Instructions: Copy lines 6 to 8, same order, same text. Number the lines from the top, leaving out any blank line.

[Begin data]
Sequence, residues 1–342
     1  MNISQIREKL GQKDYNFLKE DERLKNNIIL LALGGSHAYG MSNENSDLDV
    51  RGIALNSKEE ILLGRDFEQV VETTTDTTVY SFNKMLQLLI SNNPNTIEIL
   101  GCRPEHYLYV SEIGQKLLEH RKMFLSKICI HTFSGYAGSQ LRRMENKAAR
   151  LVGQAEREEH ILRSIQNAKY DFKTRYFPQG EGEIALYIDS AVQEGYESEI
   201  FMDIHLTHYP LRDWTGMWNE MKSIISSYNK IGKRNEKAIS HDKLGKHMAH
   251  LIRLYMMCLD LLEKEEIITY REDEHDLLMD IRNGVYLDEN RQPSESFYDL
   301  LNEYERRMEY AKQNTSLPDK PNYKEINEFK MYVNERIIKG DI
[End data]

   201  FMDIHLTHYP LRDWTGMWNE MKSIISSYNK IGKRNEKAIS HDKLGKHMAH
   251  LIRLYMMCLD LLEKEEIITY REDEHDLLMD IRNGVYLDEN RQPSESFYDL
   301  LNEYERRMEY AKQNTSLPDK PNYKEINEFK MYVNERIIKG DI